Kubernetes – Installing and creating a cluster

First you need to install Docker.

For Kubernetes to work correctly, you must disable SWAP

swapoff -a

Also check delete it with fstab

Add Kubernetes repository and install

Ubuntu:

apt update && apt install -y apt-transport-https
curl -s https://packages.cloud.google.com/apt/doc/apt-key.gpg | apt-key add -

cat <<EOF >/etc/apt/sources.list.d/kubernetes.list
deb http://apt.kubernetes.io/ kubernetes-xenial main
EOF

apt update
apt install -y kubelet kubeadm kubectl

CentOS 7:

cat <<EOF > /etc/yum.repos.d/kubernetes.repo
[kubernetes]
name=Kubernetes
baseurl=https://packages.cloud.google.com/yum/repos/kubernetes-el7-x86_64
enabled=1
gpgcheck=1
repo_gpgcheck=1
gpgkey=https://packages.cloud.google.com/yum/doc/yum-key.gpg https://packages.cloud.google.com/yum/doc/rpm-package-key.gpg
EOF

setenforce 0

yum install -y kubelet kubeadm kubectl

Add to autorun and run:

systemctl enable kubelet && systemctl start kubelet

 

We initialize the Kubernetes cluster:

kubeadm init --apiserver-advertise-address=1.2.3.4 --pod-network-cidr=10.244.0.0/16 --kubernetes-version stable-1.12
  • --apiserver-advertise-address - sets the IP address to which Kubernetes will broadcast the API, the default is "0.0.0.0"
  • --pod-network-cidr -to use an alternative private network range, the default is "10.96.0.0/12"
  • --kubernetes-version - rigidly sets a specific version for the cluster, the default is "stable-1"

If everything is successful, then you will see something like the following:

Your Kubernetes master has initialized successfully!

To start using your cluster, you need to run the following as a regular user:

mkdir -p $HOME/.kube
sudo cp -i /etc/kubernetes/admin.conf $HOME/.kube/config
sudo chown $(id -u):$(id -g) $HOME/.kube/config

You should now deploy a pod network to the cluster.
Run "kubectl apply -f [podnetwork].yaml" with one of the options listed at:
https://kubernetes.io/docs/concepts/cluster-administration/addons/

You can now join any number of machines by running the following on each node
as root:

kubeadm join 1.2.3.4:6443 --token w70rla.kck3wg7lp85x8wlo --discovery-token-ca-cert-hash sha256:ea4a8a533dc61574e7794f7322ae2b29e531fd9f944d7e9f80e367ebd22e4470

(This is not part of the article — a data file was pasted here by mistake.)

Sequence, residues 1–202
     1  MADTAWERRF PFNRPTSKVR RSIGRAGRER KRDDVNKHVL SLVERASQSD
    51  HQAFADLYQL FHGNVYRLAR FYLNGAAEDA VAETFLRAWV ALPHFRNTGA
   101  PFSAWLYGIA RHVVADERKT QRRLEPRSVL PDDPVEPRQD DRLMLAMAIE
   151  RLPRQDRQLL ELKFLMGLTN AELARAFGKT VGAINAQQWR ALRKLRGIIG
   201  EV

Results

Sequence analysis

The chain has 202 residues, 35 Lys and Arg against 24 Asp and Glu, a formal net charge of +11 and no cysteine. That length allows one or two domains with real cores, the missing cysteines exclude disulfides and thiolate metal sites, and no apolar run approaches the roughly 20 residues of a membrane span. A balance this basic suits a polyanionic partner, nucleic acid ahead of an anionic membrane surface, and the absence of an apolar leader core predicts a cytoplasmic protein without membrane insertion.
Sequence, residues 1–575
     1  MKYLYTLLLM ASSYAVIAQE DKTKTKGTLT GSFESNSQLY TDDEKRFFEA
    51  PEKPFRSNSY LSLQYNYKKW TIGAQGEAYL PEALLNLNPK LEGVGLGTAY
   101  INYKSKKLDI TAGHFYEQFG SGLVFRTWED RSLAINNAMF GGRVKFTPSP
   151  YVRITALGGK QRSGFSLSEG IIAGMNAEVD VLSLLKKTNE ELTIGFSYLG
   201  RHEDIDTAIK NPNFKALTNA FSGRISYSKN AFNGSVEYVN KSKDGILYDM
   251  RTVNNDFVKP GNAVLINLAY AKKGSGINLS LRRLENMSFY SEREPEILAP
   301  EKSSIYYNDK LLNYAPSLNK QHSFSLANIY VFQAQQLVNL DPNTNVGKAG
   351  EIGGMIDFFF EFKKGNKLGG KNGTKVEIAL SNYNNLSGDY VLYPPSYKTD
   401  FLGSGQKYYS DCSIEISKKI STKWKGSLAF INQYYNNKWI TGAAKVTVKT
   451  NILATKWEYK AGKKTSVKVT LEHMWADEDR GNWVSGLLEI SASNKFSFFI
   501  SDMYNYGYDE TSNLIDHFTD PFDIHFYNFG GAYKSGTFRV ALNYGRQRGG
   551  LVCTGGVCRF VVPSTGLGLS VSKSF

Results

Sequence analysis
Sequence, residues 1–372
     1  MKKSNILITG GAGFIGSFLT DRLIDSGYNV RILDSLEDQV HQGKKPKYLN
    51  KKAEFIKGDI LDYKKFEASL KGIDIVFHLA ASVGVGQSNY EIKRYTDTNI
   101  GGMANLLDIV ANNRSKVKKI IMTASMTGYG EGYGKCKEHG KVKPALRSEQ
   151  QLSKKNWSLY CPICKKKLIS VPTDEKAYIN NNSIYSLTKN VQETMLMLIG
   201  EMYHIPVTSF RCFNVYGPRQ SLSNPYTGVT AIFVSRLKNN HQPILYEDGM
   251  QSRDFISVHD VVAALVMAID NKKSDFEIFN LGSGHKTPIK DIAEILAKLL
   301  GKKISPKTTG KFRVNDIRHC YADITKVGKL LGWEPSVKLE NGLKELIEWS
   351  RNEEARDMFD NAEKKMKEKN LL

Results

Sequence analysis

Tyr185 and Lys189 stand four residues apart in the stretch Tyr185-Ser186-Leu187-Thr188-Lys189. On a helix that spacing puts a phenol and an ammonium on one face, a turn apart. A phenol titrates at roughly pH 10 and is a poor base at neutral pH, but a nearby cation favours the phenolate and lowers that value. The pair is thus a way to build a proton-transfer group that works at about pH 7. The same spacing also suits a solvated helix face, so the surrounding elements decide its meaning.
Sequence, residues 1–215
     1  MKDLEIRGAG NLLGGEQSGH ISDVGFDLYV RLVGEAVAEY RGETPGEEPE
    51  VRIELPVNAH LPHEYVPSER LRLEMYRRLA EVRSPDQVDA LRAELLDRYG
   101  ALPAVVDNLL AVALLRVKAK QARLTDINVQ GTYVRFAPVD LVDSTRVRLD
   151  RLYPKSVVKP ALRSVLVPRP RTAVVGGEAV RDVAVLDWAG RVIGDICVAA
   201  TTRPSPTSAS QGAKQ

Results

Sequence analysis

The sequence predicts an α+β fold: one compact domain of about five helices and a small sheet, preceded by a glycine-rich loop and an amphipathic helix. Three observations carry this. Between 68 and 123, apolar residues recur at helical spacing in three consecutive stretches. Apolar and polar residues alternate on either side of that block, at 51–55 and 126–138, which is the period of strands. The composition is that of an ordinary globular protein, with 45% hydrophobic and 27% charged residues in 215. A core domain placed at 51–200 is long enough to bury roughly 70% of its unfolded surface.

As is clear from the conclusion, it is necessary from an ordinary user (if suddenly there is none, create) to do the following:

mkdir -p $HOME/.kube
sudo cp -i /etc/kubernetes/admin.conf $HOME/.kube/config
sudo chown $(id -u):$(id -g) $HOME/.kube/config

If there is no regular user in the system, you must create it with the sudo privilege:

useradd kubernetes -G sudo -m -s /bin/bash

 

Kubectl has autocompletion, for this, the "bash-completion" package must be installed on the system. For the bash shell, do the following:

echo "source <(kubectl completion bash)" >> ~/.bashrc

For MacOS or the zsh shell, see the Kubernetes documentation.

 

Install Flannel:

kubectl apply -f https://raw.githubusercontent.com/coreos/flannel/master/Documentation/kube-flannel.yml

Restart Kubernetes:

systemctl restart kubelet

 

Add another node to our cluster.

On it, after repeating the installation steps of Docker and Kubernetes, we will start them and that’s all, initialization is done only on the wizard when creating the cluster.

From the root, we will execute the command received at the initialization stage of the cluster:

kubeadm join 1.2.3.4:6443 --token w70rla.kck3wg7lp85x8wlo --discovery-token-ca-cert-hash sha256:ea4a8a533dc61574e7794f7322ae2b29e531fd9f944d7e9f80e367ebd22e4470

Verify that cluster nodes are allowed access on TCP port 6443.

Now, back to the master, and from a regular user, we can see a list of nodes in the cluster:

kubectl get nodes

You can set the role of the node as follows:

kubectl label node NODE_NAME node-role.kubernetes.io/worker=worker
0 0 vote
Article Rating

Tagged: Tags

Подписаться
Уведомление о
guest
0 Comments
Inline Feedbacks
View all comments